The Cars’ fourth studio album, Shake It Up, continued to rev things up for the Boston band, giving them their first Top 10 hit with the killer title track. But the album's second single, which missed the Top 40 entirely, might be the real MVP of the record.
Hitting stores only a few days after the album with which it shares its title, “Shake It Up” was more dance-pop than pop-rock, but it’s a combination that worked well for the band’s fans: not only did it climb to No. 4 on the Billboard Hot 100, but oddly enough, it was an even bigger hit in the Netherlands, climbing to No. 3 on the Tipparade chart.
Which brings us to “Since You’re Gone,” written by Ric Ocasek, which – in addition to its status as the second single from Shake It Up – also served as the album’s opening track.
READ MORE: November 1981: The Cars "Shake It Up"
Ocasek actually recorded his vocal for “Since You’re Gone” in a single take, which is impressive when you listen to his unique, Dylan-esque phrasing when singing the lyrics. In his review on AllMusic, critic Donald Guarisco posited that one reason it holds up is because it stands out in the crowd, describing it as “a solid showcase for [a strong balance between forward-thinking sounds and classic pop songwriting], using a high-tech arrangement and new wave irony to breathe new life into the power ballad.” As if that wasn’t enough, he also summed up the song by call it “a solid fusion of rock ballad bombast and new wave futurism.” (Needless to say, the guy’s a big fan.)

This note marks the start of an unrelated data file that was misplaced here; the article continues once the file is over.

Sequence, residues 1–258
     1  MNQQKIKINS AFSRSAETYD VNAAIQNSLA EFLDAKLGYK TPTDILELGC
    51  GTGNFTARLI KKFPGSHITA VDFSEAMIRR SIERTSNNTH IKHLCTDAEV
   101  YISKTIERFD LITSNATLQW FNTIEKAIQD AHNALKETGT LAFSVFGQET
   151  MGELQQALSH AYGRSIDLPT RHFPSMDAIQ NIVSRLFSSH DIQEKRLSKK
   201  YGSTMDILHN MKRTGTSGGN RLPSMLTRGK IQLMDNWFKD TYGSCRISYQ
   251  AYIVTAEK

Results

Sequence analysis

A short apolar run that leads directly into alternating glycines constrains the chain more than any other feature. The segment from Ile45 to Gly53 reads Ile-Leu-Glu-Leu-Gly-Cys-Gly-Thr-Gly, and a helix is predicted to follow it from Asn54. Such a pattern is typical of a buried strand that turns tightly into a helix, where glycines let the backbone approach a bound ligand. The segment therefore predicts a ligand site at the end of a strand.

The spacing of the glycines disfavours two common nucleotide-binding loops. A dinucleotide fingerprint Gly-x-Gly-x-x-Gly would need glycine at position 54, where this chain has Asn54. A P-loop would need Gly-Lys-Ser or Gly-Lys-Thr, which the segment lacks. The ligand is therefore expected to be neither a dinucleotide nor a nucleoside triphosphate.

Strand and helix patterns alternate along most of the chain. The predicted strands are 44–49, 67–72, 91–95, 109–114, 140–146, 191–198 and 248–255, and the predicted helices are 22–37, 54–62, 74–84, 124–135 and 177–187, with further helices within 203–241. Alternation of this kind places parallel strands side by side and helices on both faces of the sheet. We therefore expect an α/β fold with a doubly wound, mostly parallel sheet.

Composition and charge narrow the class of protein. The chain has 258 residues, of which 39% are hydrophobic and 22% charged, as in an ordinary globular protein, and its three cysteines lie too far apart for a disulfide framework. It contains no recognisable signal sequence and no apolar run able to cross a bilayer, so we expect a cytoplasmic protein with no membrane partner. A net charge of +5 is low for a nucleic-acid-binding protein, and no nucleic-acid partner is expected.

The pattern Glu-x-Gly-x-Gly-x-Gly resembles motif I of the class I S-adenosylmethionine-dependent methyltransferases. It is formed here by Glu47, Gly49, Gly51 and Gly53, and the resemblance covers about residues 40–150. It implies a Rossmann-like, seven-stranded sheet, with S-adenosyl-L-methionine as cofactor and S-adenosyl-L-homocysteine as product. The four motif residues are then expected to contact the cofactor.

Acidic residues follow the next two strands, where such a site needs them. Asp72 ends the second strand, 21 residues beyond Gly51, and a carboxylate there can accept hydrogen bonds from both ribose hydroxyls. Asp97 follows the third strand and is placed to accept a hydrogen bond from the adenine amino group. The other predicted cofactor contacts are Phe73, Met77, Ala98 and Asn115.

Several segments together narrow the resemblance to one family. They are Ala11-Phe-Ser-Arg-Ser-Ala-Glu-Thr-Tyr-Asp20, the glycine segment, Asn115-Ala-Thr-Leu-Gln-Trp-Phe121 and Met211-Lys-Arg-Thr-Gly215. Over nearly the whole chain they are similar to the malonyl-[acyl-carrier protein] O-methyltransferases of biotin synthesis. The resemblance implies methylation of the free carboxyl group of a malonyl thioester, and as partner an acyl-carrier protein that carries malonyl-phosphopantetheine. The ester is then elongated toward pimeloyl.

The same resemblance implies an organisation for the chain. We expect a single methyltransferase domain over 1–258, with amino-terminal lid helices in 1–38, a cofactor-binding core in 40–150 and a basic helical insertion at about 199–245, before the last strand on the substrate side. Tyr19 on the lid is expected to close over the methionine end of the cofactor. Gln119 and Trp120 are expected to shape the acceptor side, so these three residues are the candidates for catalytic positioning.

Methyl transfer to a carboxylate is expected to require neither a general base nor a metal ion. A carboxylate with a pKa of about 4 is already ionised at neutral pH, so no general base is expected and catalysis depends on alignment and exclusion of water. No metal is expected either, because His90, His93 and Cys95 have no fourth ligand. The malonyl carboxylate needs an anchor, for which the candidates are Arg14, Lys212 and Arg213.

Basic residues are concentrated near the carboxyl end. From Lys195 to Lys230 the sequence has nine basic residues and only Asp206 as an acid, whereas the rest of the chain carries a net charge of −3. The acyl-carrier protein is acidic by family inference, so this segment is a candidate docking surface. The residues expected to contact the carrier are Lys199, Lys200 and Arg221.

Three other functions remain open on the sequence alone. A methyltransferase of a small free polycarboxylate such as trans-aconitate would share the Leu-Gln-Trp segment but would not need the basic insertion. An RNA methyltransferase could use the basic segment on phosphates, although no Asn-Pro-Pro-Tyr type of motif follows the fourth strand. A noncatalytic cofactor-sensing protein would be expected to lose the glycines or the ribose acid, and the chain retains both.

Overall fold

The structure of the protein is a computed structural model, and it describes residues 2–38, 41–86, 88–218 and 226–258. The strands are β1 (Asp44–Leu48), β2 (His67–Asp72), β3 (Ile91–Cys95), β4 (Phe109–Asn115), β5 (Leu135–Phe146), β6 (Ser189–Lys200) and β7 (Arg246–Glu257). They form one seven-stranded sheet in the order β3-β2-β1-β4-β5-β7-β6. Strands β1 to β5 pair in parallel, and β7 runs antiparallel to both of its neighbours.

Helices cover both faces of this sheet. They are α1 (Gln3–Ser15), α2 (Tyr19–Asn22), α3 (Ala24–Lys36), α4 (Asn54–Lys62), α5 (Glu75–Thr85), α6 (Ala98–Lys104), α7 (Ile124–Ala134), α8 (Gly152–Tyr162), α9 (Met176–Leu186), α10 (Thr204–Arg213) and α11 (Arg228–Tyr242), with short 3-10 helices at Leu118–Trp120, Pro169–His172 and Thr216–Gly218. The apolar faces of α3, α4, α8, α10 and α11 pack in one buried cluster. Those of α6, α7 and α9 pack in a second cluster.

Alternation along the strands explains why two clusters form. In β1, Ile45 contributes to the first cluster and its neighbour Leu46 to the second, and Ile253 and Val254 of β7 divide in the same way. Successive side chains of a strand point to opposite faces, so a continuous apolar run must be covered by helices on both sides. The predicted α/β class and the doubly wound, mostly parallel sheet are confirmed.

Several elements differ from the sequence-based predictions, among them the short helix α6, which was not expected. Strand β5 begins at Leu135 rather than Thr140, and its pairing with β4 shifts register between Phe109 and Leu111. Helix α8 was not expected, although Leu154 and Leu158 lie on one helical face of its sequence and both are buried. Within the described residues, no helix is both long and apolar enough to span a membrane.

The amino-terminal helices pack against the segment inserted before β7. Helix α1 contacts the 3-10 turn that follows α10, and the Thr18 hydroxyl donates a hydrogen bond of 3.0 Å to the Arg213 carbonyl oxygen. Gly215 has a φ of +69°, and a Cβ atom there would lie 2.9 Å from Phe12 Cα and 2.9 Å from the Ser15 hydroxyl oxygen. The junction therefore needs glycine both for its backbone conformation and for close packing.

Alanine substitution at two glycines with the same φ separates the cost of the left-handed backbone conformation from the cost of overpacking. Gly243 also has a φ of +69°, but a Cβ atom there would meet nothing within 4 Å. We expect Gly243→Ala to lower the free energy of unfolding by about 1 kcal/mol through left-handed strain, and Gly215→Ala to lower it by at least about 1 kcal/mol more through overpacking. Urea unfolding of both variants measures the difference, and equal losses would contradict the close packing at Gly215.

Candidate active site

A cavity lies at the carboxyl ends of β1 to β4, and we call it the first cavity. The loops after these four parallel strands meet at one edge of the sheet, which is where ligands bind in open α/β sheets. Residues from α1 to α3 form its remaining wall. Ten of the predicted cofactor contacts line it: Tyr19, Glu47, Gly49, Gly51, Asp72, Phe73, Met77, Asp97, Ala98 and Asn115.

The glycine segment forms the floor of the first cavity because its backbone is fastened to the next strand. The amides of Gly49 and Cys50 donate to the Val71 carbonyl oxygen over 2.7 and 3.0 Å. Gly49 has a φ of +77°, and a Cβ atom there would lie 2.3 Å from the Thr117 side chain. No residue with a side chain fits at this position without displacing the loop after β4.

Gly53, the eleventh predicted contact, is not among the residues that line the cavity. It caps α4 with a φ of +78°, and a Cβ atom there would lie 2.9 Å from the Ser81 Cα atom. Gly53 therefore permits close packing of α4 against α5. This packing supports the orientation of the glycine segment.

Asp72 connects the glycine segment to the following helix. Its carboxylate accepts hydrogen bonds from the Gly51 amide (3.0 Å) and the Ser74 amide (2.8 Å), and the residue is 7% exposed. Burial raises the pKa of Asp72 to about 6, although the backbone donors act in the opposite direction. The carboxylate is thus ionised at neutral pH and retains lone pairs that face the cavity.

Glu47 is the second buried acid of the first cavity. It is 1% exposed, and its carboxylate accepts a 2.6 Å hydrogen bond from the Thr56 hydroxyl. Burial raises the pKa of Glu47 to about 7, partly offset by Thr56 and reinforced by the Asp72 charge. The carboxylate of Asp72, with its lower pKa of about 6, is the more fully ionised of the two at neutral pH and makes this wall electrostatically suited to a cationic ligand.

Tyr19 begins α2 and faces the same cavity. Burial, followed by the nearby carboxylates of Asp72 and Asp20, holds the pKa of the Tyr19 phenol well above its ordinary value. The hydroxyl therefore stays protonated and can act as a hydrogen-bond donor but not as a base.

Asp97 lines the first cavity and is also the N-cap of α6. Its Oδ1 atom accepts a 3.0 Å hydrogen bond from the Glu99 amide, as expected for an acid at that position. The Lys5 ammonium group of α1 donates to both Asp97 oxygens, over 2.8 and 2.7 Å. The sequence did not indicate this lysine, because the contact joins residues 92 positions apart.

Despite the fact that it stalled just outside the top 40 of the Billboard Hot 100 – and we do mean that literally: it hit No. 41 before beginning its descent – “Since You’re Gone” still remains one of the most beloved tracks in the Cars catalogue and continues to get considerable airplay even 40 years after its initial release.
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